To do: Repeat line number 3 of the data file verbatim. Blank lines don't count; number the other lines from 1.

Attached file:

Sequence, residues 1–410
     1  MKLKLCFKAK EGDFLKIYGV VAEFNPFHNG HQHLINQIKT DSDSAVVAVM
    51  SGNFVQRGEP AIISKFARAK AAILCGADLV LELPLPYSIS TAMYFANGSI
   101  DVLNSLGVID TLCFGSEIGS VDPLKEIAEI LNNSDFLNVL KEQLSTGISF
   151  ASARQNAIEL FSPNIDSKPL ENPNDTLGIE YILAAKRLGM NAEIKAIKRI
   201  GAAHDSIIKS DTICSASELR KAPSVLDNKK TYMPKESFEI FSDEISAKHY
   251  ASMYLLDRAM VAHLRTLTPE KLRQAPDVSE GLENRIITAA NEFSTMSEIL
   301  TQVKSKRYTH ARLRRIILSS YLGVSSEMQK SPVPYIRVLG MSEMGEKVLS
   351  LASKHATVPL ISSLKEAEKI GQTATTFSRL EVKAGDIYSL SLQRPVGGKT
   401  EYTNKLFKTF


    51  SGNFVQRGEP AIISKFARAK AAILCGADLV LELPLPYSIS TAMYFANGSI